A financial planner will be able to explain the best way to structure your loan, especially if your situation involves multiple parties outside of the relationship, such as parents.

Lay the ground rules

Although it can be an awkward and less-than-romantic conversation, it’s smarter to discuss beforehand how the property will be divided if the relationship ends, rather than attempt to figure it out in the heat of the moment.

It’s worth having a frank and open discussion about potential scenarios, such as whether you would need to sell the home to pay off the loan or if one partner could buy the other out. If contributions made to the deposit or repayments are unequal, you should discuss up front how the proceeds of a sale would be spit.

If a de facto couple can’t agree on how assets should be divided after a break-up, disputes can be handled in the Family Court, but it’s often a costly and stressful process.

“Property settlement for de facto couples is dealt with the same as married couples,” said Amy Honan, Director of Michael Lynch Family Lawyers.

Loans from parents can further complicate the situation, explains Ms Honan.

“It can be difficult in family matters to prove that money given is actually a loan,” she said.

“If a party is loaned money and it’s expected to be repaid, it is important to draft up a loan agreement. It’s evidence to show that it’s a loan to be repaid and not a gift.”

It’s also important to establish whether you want to hold the property as joint tenants or tenants in common. Most married couples choose joint tenancy, as it means that if one partner dies, the property automatically passes to the other.

In a “tenancy in common” arrangement, each party does not need to have an equal share, and if one party dies, their share forms part of their estate, and is divided according to their will.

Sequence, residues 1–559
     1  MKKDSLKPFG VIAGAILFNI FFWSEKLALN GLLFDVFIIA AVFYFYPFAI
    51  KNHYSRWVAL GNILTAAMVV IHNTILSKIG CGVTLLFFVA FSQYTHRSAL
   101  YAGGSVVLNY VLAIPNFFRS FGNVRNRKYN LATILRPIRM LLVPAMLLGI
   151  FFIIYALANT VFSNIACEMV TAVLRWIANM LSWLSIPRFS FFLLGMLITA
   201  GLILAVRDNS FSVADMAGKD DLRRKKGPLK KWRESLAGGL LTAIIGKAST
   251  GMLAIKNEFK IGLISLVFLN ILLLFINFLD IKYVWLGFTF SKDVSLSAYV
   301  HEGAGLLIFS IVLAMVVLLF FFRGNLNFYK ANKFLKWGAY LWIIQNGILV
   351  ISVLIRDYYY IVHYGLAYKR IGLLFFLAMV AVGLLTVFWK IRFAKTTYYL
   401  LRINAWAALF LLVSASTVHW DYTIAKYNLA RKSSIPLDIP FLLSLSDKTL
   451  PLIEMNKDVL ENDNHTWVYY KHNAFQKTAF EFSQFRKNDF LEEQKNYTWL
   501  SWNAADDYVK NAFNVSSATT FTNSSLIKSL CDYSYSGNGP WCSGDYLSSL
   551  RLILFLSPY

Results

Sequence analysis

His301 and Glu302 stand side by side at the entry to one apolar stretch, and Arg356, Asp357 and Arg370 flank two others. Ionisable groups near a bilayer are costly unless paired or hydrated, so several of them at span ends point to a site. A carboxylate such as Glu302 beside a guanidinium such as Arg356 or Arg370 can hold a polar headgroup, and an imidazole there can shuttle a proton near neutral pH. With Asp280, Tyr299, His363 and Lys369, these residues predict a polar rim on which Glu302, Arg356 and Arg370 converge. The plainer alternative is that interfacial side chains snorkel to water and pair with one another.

It’s worth discussing with a lawyer which type of ownership is most suitable at the start of your property search to avoid a rushed decision during the settlement period.

Is buying property before marriage the new normal?

Sydney marriage celebrant Jessie Cacchillo believes that although couples are choosing to get married later in life, they are still happy to make the financial commitment of buying a home together before tying the knot.

In her opinion, couples are choosing to buy property when they are financially ready, rather than following the more traditional model of marriage first, home second.

“Engagement periods are a lot longer than they were. Couples are more confident in buying the house prior to the marriage,” she explained.

Ms Cacchillo estimates 65 per cent of couples she has wed have already purchased a home prior to their wedding. Most of them were already living in it together, while those who hold off on moving in together until after the wedding are in the minority.

She added that some couples were choosing to buy off the plan, and would move in after the wedding when their home was built, giving them the feeling of living in a brand new home as they start a new chapter of their lives.

“I think couples are being practical, they just do whatever needs to come first. It might take the some of romance out, but I guess it offers stability instead,” she said.

By | 2017-12-04T01:42:54+00:00 December 4th, 2017|Home & Investment Lending|0 Comments